The concept of clinical depression is common with most people around the world, yet the term “high functioning depression” raises some questions.
How can a person be depressed yet be able to maintain relationships and accomplish daily tasks with ease? It’s important to remember that while depression affects all personalities, it can look very different for each individual. To family and friends, you may seem perfectly fine yet on the inside you feel tired and unhappy with yourself.
Although the stigma surrounding mental health has lessened, damaging stereotypes about the signs and symptoms of depression still exist. It was believed that if your depression isn’t diagnosed as severe, which involves frequent emotional breakdowns and suicidal thoughts, then it’s not a real problem and should be dealt with internally.
This mindset discourages many people from seeking the help they need, which may take a toll on their mental health and worsen their symptoms.
What is High-Functioning Depression?
To put it in simple terms, high functioning depression refers to individuals who meet the criteria for a clinical diagnosis of depression but can still manage daily functions.
It can be challenging to recognize someone living with this form of depression as they tend to push through their feelings and appear as perfectionists.
Many people who suffer from high functioning depression are sometimes diagnosed with PDD, which involves long periods of depression with short instances of normal mood in between. However, persistent depressive disorder (PDD) is used to signify people who exhibit feelings of sadness that have been present for two or more years.
Symptoms and Triggers of High Functioning Depression
The symptoms of high functioning depression are typically less severe than those used to diagnose individuals with major depressive disorder.
Since persistent depressive disorder is quite similar to a high functioning disorder, most of the symptoms used to diagnose the mental health issues are the same.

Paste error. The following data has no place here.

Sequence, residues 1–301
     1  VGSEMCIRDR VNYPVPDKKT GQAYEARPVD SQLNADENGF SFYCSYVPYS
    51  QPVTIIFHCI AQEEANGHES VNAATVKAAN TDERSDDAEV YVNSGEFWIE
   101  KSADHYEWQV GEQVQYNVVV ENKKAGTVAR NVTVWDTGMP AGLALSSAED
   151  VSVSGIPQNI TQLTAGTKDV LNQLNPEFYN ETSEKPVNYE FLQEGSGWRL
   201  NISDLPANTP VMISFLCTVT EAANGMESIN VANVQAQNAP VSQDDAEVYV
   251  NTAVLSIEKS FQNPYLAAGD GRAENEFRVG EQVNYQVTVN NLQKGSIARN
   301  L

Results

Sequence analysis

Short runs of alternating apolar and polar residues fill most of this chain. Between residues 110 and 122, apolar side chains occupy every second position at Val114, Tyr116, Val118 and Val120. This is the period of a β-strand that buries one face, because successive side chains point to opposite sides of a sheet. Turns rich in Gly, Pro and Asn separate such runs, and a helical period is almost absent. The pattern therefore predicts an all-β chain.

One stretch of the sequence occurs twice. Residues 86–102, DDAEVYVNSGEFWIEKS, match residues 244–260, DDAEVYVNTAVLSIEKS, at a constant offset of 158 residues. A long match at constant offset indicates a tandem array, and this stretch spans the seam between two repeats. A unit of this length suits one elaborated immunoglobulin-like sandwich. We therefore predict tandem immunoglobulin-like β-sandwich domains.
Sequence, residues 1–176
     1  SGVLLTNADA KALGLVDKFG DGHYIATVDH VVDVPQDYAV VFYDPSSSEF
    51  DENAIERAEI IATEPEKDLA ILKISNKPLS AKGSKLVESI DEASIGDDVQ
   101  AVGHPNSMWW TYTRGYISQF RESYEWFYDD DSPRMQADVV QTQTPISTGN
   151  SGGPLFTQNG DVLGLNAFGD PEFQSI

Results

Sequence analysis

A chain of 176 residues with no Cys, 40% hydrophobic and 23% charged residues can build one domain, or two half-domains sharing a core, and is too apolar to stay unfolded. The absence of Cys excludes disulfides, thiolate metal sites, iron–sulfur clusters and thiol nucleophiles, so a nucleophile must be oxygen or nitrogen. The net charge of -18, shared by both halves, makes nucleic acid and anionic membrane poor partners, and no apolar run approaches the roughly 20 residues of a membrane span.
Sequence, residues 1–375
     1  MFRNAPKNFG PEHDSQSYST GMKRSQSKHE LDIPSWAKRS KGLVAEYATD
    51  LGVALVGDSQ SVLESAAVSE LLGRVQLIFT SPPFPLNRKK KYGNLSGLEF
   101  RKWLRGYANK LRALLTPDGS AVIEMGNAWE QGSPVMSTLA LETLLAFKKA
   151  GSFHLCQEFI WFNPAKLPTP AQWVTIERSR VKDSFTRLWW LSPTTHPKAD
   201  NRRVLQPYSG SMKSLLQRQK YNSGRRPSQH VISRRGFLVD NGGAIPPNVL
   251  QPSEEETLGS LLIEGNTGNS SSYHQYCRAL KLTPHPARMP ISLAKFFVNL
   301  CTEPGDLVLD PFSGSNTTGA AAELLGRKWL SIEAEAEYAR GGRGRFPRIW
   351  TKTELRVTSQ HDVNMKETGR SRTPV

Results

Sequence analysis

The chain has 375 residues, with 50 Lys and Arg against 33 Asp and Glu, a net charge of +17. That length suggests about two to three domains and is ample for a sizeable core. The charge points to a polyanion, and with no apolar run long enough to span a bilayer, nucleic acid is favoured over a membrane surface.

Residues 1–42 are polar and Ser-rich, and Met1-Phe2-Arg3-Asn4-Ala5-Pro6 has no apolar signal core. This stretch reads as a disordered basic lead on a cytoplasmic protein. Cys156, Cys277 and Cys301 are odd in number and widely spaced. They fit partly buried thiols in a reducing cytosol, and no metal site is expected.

Some the common signs of PDD and high functioning depression include:
- Lack of self-esteem
- Changes in appetite
- Extreme fatigue and feelings of having no energy
- Difficulty concentrating or making decisions
- Feelings of worthlessness and hopelessness
The effects of this type of depression creep in gradually until the person realizes something is wrong. While depression doesn’t necessarily require a trigger, certain situations may prompt a negative mindset, including financial problems, the death of a loved one, or major life changes.
Therapy Treatments for High Functioning Depression
Do you find yourself feeling tired all the time yet working hard to keep up a certain image in front of peers and family?
Just because high functioning depression is viewed as a less severe form of depression doesn’t mean it’s any less significant. It may seem like the only person who can help you battle your mental health condition is yourself, but dealing with depression alone rarely leads to positive outcomes.
Our professional therapists at Waystone can help you identify negative thoughts and habits and build towards learning mindfulness skills and coping strategies.
If you’re experiencing any of the above signs or symptoms, do not hesitate to reach out to us today.